ALBUQUERQUE — For one 73-year-old patient in our hospital system, the simple act of breathing has become so difficult that a short walk during a medical appointment caused his blood oxygen levels to dangerously plummet. A retired Marine, he has chronic obstructive pulmonary disease and uses supplemental oxygen but can no longer walk to his pickup truck without a struggle.
I can’t say with complete certainty why this patient’s breathing has deteriorated so much in recent years, especially since he stopped smoking about 15 years ago.
But I have seen too many patients getting sicker and sicker in the same ways. I see them in areas where the oil and gas industry exposes people to constant air pollution, from the San Juan Basin in the north to the Permian Basin in the south.
The science is clear that when oil and gas are extracted and transported from wells, methane and other pollutants, including volatile organic compounds, leak out. V.O.C.s are known to form ozone and may cause cancer and birth defects, and affect the nervous system. Emissions from oil and gas production also produce nitrogen oxides, which can exacerbate lung disease.
Methane is also a powerful greenhouse gas, over 80 times more potent than carbon dioxide in its warming power, though its life span in the atmosphere is much shorter. One of the fastest and cheapest ways to reduce these emissions and improve health is to prevent methane leaks, venting and flares, which would also go a long way in reducing ozone pollution. But many oil well operators just vent it into the air, or burn it off as a flare, which adds to the air pollution burden in communities near the wells.
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This year, the federal government has a huge opportunity to reduce methane emissions, improve health and slow climate change. The first and most important way is through a rule proposed by the Environmental Protection Agency to cut pollution, including methane, from new and existing oil and gas operations nationwide. The prospective rule strengthens a 2021 E.P.A. proposal and would benefit communities like the one where the retired Marine lives. While New Mexico has already moved toward stricter methane regulations, the supplemental E.P.A. rule now under review would reinforce them and help reduce emissions that blow downwind from other states like Texas.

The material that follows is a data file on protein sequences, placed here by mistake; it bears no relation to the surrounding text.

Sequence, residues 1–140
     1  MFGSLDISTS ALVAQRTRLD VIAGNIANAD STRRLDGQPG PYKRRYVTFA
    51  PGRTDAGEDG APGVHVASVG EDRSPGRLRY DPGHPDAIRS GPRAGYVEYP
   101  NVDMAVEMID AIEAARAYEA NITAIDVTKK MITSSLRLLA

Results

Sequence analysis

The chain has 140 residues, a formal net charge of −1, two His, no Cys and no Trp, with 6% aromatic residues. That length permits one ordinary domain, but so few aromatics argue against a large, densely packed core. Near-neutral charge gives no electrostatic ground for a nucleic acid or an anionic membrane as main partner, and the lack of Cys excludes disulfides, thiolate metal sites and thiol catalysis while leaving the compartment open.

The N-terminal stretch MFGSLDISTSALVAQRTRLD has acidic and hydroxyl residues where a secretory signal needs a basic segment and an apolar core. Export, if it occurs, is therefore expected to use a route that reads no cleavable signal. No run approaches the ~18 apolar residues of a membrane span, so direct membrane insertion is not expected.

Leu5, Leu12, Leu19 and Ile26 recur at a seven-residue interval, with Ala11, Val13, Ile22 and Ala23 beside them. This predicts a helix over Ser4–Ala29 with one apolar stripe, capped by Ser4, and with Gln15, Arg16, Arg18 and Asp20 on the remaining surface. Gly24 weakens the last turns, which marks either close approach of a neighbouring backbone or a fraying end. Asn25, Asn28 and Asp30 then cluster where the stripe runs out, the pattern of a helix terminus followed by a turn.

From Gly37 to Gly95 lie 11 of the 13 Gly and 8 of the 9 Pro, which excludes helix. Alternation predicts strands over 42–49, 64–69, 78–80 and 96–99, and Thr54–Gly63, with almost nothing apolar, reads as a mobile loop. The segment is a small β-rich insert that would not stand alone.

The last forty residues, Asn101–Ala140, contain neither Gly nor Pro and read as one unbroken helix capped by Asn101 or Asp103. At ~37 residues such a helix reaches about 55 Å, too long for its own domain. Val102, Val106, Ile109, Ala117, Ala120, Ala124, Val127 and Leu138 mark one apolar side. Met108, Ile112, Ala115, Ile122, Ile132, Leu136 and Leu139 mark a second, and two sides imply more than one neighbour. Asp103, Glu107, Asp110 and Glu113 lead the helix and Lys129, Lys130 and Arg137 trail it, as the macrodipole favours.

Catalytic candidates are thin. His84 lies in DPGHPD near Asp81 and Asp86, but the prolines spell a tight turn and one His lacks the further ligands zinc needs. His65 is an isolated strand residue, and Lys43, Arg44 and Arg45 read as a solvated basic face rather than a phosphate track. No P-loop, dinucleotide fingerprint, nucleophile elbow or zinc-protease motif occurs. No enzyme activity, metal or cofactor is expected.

While the E.P.A.’s proposal is strong, the agency should make it even more forceful by banning flaring in all but a few limited cases. Just last month, more than 75 lawmakers submitted comments agreeing that the E.P.A. must enforce stricter limits.
The rule is not yet final, and some powerful voices, including the Railroad Commission of Texas, are calling on the E.P.A. to water down its key provisions. The oil and gas industry is also speaking up; it spent $124.4 million in 2022 on federal lobbying, including pressuring federal agencies on methane rules. The E.P.A. must not yield, and instead should strengthen the proposal so that communities can start seeing the benefits right away.
Outside of the E.P.A., the Bureau of Land Management has proposed a rule to limit venting, flaring and leaks of natural gas on public lands. And as part of the Inflation Reduction Act, Congress passed into law the Methane Emissions Reduction Program, which will work in tandem with the E.P.A. methane rule to help drive down emissions. But under its new Republican leadership, the House of Representatives has been looking into an effort (mostly symbolic as long as Joe Biden is president) to kill that program, which would be a terrible step backward.
Stricter limits on practices like venting and flaring will provide immediate health benefits by reducing exposure to V.O.C.s among people who live near oil and gas wells, a group that disproportionately includes people of color and people living below the poverty line.
At age 73, the retired Marine with C.O.P.D. should be able to move around with some ease. But in part because of living near oil and gas wells, he’s lost that ability, and his quality of life is suffering.
As a doctor, my ability to help my patients is limited by the air they breathe. To prevent others from suffering not just in New Mexico, but in all the states, we need stronger standards to minimize the most dangerous types of pollution.
That’s why the E.P.A. must stick to its timetable and issue a final rule that includes both the 2021 proposal and the supplementary one no later than August. The Bureau of Land Management must also finalize its own proposed rule to reduce methane. Lives, especially those of our children and most vulnerable groups, are depending on it.
Dr. Dona Upson is a pulmonologist with the Veterans Affairs New Mexico Healthcare System and a professor of medicine at the University of New Mexico.
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